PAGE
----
Frequent open source miles

Summary:The bottom line is there are all sorts of things open source marketers can do with the permission users give them every day.

Seth Godin
Matt Asay's piece on "open source free- riders" got my goat this morning because we're on opposite sides of the market.

Matt's a vendor, a high-ranking executive with Alfresco who by his own testimony spends a heavy chunk of his life in hotels and airports.

I'm a journalist, a user, who thanks to the miracle of the Internet now gets to spend most nights with the family.

Of course Matt makes a lot more money than I do. And it's evident he wants more. Since I haven't cut any checks to Firefox or Open Office lately he calls me a "free-rider" and wonders how much longer the business can abide people like me.

It's amazing how the brightest people can sometimes say the dumbest things.

The incremental cost of the open source projects serving me is approximately zero. If I need a service that might require payment, I pay for it, in either cash or (often) time, paging through the confusing forums of the projects I use.

Matt asks what it would take for me to give him more of my money, or projects more of my time. Yet in bragging about his room upgrades he answers his own question.

Frequent user miles.

Hear me out. Let's put together a voluntary database of our open source use. Are you running Linux? That's 50 points. Are your most oft-used programs Firefox, Open Office and The Gimp? We'll give you 10 points for each of them.

Now comes the tricky bit. Have you downloaded beta code? Give you 10 points for each program. Reported a bug? Another 15 or so. And so on. Make a financial contribution to an open source project? A point for every dollar you send.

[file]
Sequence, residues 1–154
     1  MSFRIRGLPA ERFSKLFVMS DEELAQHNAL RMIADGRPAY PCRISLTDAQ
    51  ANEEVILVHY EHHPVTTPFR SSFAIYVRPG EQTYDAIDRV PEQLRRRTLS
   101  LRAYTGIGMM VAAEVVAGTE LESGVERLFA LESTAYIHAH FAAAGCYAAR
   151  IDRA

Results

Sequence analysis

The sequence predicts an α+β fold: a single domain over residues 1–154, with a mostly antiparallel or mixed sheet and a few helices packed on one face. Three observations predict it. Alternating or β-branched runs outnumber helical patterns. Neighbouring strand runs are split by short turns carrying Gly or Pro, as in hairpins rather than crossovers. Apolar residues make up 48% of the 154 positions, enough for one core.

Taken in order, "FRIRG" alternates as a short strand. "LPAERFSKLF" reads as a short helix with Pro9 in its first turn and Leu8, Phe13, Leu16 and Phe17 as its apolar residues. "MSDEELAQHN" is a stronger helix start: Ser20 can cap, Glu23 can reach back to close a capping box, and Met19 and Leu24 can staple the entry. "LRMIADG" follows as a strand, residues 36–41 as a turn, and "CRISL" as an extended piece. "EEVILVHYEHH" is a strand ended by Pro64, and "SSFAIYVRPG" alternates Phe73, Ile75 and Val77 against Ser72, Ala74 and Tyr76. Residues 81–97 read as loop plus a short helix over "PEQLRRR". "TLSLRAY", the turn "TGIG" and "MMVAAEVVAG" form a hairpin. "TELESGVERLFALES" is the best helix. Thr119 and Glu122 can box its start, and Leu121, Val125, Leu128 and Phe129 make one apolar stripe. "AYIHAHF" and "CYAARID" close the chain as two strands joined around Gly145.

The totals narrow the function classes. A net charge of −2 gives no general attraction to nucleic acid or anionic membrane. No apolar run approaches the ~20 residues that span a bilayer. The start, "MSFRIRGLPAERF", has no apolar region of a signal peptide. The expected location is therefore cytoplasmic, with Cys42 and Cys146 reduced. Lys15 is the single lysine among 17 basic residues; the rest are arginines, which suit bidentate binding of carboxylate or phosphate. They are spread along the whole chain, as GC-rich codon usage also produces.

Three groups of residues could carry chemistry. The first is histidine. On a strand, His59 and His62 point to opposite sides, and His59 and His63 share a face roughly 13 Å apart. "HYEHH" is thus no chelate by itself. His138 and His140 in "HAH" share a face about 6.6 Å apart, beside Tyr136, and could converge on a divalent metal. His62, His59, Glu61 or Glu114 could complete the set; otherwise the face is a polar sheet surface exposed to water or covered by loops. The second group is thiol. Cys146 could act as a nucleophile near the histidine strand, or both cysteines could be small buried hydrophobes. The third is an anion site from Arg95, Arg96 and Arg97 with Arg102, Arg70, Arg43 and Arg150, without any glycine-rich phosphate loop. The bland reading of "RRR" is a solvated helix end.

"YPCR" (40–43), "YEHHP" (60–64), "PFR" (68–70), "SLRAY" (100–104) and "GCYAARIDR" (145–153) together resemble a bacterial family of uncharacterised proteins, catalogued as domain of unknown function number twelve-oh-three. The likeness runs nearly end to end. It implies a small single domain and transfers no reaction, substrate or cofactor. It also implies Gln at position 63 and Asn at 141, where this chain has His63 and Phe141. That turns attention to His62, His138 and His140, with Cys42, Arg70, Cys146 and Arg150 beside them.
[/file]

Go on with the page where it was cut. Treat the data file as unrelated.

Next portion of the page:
So, what would you give me in exchange, Matt, not just for what I'm doing but the data behind it? What's the open source equivalent of a room upgrade, or the chance to sit in the comfy chair at an airport lounge?

That's where I start to fall down, because I don't know what open source companies can afford to offer. But let's spitball:

  • Membership in a mailing list that tells you first about coming upgrades and beta code.
  • Free minutes to actually e-mail a committer about something that's bothering you. And get them to e-mail back.
  • Recognition at events sponsored by the projects or industry segments you earn the most minutes to.
  • Lottery tickets for fabulous prizes! Trips to Portland or the Isle of Man. Maybe one of Linus' old iPods? (I once bid on a laptop previously owned by Walter Cronkite.)

The bottom line is there are all sorts of things open source marketers can do with the permission users give them every day. Which is why ol' Seth Godin is staring at you from the top of this post, Matt.

He wrote the book on this. And he's got a blog, too.

Topics: Open Source

About

Dana Blankenhorn has been a business journalist since 1978, and has covered technology since 1982. He launched the Interactive Age Daily, the first daily coverage of the Internet to launch with a magazine, in September 1994.

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